Eastern Bering Sea Integrated Ecosystem Assessment

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The primary goals of the Bering Sea Integrated Ecosystem Assessment program are to:

  1. Support coordination between ecosystem research activities
  2. Facilitate rapid uptake of ecosystem information to management
  3. Reinforce partnerships between Alaska Fisheries Science Center researchers, coastal communities, and regional managers
  4. Support the co-production of ecosystem knowledge
  5. Understand climate risk and build capacity for climate adaptation

A team of stakeholders, scientists, and managers came together under the guidance of the North Pacific Fisheries Management Council’s ecosystem committee to carry out the Integrated Ecosystem Assessment framework in the Eastern Bering Sea. This team identified and developed ecosystem indicators, which tell us how the ecosystem is doing and report these ecosystem indicators as part of the ecosystem assessment to the North Pacific Fisheries Management Council annually. The Eastern Bering Sea IEA team also develops models to evaluate management strategies and estimate risks to the ecosystem.


Eastern Bering Sea Ecosystem

The East Bering Sea Lare Marine Ecosystem is a high productivity system characterized by both an extensive gradually sloping shelf and a deep-sea basin. Productivity is influenced by temperature, currents and annual cycles of sea ice formation and freshwater input which influence trophodynamics and species productivity on annual and multi-annual timescales. Formation of sea ice during winter months is particularly important for spring and summer productivity and overlap between fish and their food resources and the region has experienced multiple shifts between warm and cold water regimes in recent decades.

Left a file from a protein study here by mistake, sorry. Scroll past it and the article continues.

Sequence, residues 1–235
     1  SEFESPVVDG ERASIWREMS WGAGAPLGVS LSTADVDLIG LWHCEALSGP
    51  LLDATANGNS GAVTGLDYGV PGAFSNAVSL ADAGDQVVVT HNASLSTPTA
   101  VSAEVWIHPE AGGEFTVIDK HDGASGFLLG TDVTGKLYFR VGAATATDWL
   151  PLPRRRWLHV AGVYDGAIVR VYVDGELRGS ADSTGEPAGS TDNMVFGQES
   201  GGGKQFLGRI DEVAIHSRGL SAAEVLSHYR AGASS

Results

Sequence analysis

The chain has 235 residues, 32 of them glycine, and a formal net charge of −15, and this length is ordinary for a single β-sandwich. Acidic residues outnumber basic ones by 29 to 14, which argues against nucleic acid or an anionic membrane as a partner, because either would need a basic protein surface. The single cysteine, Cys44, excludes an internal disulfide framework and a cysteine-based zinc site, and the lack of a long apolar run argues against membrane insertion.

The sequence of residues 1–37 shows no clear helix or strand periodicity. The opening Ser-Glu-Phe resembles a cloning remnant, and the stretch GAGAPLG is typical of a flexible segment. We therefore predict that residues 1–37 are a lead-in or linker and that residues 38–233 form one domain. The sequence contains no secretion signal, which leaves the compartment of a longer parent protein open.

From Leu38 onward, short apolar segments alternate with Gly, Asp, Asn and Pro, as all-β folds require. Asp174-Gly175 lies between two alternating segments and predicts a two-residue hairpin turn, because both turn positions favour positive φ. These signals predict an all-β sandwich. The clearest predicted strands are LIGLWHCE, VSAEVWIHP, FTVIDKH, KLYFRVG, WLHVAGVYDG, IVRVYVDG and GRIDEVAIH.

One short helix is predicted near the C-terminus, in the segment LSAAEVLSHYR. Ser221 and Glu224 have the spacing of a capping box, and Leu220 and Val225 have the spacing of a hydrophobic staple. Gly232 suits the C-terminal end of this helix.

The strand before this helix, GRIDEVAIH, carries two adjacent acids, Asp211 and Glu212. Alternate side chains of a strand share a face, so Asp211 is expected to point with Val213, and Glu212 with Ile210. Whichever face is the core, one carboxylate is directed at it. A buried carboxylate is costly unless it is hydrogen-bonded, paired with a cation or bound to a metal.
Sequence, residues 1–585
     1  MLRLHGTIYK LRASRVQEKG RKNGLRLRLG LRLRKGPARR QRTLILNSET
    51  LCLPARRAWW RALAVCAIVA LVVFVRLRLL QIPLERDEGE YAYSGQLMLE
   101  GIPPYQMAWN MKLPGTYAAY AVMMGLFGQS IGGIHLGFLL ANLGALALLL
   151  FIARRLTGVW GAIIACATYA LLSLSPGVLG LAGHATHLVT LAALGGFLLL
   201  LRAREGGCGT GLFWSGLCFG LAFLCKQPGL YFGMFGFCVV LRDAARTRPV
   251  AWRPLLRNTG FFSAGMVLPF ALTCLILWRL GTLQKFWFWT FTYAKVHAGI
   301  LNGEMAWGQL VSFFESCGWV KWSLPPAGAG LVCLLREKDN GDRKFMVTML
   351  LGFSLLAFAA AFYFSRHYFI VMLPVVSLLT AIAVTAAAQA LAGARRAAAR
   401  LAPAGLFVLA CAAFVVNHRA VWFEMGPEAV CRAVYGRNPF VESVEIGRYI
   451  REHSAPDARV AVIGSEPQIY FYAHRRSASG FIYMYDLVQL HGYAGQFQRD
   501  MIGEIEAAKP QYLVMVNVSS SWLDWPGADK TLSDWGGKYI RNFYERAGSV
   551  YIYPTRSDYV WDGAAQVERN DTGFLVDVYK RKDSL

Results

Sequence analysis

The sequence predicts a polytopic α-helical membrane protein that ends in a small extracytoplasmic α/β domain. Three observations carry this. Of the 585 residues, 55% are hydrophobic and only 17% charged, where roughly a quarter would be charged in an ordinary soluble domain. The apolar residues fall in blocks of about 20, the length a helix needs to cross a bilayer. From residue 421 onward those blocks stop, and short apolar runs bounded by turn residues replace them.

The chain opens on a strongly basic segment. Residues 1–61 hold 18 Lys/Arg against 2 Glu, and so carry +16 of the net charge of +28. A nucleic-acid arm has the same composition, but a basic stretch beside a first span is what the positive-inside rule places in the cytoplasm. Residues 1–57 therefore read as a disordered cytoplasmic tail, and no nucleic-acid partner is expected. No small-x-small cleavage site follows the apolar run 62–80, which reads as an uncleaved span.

The highly productive ecosystem in the Eastern Bering Sea (EBS) supports some of the most productive fisheries in the world and are critical to regional and national economies and food security. With more than 2 million tones of fish harvested annually from the system, more than 40% of all U.S. domestic commercial landings came from Alaska fisheries in the EBS for groundfish (including walleye pollock, Pacific cod, Pacific halibut, rockfish, and flatfish), crab and Pacific salmon, including the largest wild salmon fishery in the world for Bristol Bay sockeye salmon. This system, while having a relatively low human population density, experiences fishing, logging, mining, oil and gas development, low-level pollution, and industrial and urban development as stressors.


Informing management

Fisheries management in Alaska has a long history of including ecosystem information into management decisions. In 2015, the North Pacific Fisheries Management Council initiated the development of a Bering Sea Fisheries Ecosystem Plan (Bering FEP). Development of the Bering FEP follows the Integrated Ecosystem Assessment framework of including stakeholder involvement, indicator development, scenario modeling, risk assessment, and management strategy evaluations.

The Eastern Bering Sea Ecosystem Status Reports are presented annually to the North Pacific Fisheries Management Council. Members consider this information when setting annual quotas for crab and groundfish.

Multi-species model-based indices are regularly reported in the annual Ecosystem Considerations chapter of Alaska Stock Assessment and Fishery Evaluation (SAFE) reports. The CEATTLE multispecies assessment model has been included as an appendix to the annual BSAI pollock assessment since 2016.

The NPFMC stated their ecosystem-based management goals are:

  • Maintain biodiversity consistent with natural evolutionary and ecological processes, including dynamic change and variability
  • Maintain and restore habitats essential for fish and their prey
  • Maintain system sustainability and sustainable yields for human consumption and non-extractive uses
  • Maintain the concept that humans are components of the ecosystem